Thursday, June 18, 2015

PA Ed Policy Roundup June 18: If BEFC punts on adequacy & "hold harmless", pension crisis could be over before PA school funding inequities are addressed

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Keystone State Education Coalition
PA Ed Policy Roundup for June 18, 2015:
If BEFC punts on adequacy & "hold harmless", pension crisis could be over before PA school funding inequities are addressed

"Barring any unforeseen technical difficulties, the hearing will stream live on and"
Basic Education Funding Commission to Release Report Thursday, June 18th at 10 a.m.
PA Senate Republican website June 16, 2015
The Basic Education Funding Commission, Co-Chaired by Senator Pat Browne (R-16 Lehigh) and Representative Mike Vereb (R-150 Montgomery), will meet on Thursday, June 18th at 10 a.m. to consider recommendations and a funding formula and release its report to the General Assembly and the public.  The Basic Education Funding Commission was established through Act 51 of 2014 to develop a new formula for the distribution of state funding for basic education to Pennsylvania’s 500 school districts. The 15-member commission has undertaken a comprehensive study of a number of factors, held 15 hearings over the past 11 months and heard from a wide-range of experts and advocates in the education field, as well as parents, before arriving ultimately at a consensus on a new formula.  The meeting will be held in the Majority Caucus Room of the House of Representatives. The recommendations of the commission will not go into effect, however, without legislation approved by the General Assembly and signed by the Governor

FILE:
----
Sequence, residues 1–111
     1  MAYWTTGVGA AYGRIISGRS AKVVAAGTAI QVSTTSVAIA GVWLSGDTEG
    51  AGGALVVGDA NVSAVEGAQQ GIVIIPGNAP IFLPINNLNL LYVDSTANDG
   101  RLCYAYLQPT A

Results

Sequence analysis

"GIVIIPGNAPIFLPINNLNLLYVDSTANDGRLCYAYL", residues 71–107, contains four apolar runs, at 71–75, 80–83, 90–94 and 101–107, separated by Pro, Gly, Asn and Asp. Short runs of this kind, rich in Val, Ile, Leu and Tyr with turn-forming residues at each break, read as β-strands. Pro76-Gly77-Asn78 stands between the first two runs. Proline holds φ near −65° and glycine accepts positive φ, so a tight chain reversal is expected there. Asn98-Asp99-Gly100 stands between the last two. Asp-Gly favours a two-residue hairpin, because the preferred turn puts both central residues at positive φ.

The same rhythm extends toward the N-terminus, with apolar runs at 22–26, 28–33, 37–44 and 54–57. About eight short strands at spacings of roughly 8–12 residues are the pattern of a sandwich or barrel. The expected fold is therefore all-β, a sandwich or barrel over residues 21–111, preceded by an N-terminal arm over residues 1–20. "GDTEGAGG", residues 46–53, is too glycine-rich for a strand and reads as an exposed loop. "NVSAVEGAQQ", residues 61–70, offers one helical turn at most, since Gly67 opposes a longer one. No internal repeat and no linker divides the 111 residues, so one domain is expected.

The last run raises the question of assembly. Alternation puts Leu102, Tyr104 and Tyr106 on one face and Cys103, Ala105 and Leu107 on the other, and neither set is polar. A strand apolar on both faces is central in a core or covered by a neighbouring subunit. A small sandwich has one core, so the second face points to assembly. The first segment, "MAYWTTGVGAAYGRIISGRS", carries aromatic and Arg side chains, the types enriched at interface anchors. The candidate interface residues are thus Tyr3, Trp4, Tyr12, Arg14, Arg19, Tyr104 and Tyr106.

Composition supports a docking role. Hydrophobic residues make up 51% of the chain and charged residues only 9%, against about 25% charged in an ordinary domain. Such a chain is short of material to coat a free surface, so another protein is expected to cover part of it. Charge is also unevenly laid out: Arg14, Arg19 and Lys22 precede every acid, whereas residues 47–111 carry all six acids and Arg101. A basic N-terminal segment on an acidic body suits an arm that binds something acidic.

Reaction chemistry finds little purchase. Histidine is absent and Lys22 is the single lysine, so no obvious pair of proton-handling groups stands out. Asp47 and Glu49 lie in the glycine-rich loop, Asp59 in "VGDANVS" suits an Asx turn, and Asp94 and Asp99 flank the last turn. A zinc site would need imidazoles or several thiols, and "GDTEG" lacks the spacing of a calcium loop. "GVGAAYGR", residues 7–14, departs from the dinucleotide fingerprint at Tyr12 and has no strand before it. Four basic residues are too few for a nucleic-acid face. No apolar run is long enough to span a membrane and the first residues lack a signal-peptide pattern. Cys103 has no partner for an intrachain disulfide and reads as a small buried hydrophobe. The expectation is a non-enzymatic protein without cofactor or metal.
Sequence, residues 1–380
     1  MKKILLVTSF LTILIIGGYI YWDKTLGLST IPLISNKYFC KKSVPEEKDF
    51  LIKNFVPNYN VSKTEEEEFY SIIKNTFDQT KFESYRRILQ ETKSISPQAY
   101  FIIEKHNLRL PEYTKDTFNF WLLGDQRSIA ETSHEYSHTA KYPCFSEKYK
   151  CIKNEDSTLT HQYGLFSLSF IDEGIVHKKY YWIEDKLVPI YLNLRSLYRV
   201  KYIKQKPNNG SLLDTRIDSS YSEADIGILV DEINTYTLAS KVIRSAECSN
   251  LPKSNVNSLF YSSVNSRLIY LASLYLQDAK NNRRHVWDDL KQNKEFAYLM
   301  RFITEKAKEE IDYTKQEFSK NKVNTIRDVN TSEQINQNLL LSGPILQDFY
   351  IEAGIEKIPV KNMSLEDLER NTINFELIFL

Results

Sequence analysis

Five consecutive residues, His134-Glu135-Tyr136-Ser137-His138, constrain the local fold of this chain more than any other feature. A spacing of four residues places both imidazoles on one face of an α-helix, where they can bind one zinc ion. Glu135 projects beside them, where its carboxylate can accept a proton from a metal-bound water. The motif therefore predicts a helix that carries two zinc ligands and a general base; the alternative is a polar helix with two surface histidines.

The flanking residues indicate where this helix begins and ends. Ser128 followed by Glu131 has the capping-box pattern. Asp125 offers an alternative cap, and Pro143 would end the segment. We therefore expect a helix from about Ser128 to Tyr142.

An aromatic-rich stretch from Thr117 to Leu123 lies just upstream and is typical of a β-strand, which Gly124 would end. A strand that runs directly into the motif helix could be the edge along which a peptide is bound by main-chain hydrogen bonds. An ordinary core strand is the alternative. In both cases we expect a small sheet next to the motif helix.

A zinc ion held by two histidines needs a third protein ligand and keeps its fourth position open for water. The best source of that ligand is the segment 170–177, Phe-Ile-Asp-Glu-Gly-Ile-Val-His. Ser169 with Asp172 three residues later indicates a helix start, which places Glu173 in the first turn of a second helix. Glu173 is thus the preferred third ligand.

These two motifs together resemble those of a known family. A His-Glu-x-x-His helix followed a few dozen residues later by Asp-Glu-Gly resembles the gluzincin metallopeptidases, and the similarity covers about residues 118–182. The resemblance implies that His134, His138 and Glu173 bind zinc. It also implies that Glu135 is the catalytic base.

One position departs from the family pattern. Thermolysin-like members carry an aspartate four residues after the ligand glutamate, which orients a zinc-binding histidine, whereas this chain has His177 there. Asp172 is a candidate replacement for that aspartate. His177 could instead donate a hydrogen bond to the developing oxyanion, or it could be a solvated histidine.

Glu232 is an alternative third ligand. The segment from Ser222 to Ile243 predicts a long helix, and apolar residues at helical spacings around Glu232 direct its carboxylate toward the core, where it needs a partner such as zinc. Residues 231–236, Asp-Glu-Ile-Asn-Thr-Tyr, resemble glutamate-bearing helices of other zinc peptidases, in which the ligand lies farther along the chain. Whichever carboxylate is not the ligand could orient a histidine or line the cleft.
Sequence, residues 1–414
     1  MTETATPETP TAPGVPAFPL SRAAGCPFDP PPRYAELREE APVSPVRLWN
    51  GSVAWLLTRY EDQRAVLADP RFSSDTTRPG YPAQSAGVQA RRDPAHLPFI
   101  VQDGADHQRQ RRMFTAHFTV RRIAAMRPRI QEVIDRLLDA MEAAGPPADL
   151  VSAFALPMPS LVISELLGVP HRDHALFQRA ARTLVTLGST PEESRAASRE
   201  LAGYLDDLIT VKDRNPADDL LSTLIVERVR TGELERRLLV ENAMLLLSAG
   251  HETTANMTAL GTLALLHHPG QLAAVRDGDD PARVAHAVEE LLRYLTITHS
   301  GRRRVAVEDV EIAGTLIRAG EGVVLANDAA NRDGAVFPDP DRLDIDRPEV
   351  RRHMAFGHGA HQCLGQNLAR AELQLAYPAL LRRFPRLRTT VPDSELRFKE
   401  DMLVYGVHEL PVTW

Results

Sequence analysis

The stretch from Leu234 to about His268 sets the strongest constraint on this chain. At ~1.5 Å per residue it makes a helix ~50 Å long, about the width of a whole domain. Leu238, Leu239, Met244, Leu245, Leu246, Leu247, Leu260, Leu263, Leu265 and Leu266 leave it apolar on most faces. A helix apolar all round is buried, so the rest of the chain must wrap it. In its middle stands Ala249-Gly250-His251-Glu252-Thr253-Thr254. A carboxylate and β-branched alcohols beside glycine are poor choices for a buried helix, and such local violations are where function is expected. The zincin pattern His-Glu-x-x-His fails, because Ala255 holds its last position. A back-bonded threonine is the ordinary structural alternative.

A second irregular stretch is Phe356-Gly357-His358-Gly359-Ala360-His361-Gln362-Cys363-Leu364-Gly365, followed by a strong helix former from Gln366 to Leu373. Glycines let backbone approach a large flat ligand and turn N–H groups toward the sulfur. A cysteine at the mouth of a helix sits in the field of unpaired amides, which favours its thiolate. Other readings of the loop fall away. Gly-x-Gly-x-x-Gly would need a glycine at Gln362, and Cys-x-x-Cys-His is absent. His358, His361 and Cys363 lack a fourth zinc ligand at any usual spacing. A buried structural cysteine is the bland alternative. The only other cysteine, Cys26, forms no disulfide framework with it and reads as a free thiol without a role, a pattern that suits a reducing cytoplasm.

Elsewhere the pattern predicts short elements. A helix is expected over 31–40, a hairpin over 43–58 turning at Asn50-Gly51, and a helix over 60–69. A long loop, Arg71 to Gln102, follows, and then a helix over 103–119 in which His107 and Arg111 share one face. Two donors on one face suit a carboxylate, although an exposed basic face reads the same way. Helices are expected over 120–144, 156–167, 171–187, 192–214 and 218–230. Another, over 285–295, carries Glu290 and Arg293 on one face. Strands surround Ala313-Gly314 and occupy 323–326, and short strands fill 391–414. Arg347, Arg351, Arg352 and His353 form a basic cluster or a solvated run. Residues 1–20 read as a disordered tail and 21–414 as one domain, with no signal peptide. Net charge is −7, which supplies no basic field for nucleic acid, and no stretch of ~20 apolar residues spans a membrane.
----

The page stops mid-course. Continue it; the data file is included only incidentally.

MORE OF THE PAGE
"The 15-member Basic Education Funding Commission, created by a law last June, is scheduled to produce recommendations after nearly a year of study and hearings.  For some, a fix is overdue. Pennsylvania is repeatedly found to harbor some of the nation's worst inequalities in school finance.  Pennsylvania last had an entrenched and objective school funding formula around 1990. After that, the distribution of school dollars became a political exercise in which governors and top lawmakers worked to bend the formulas to their will."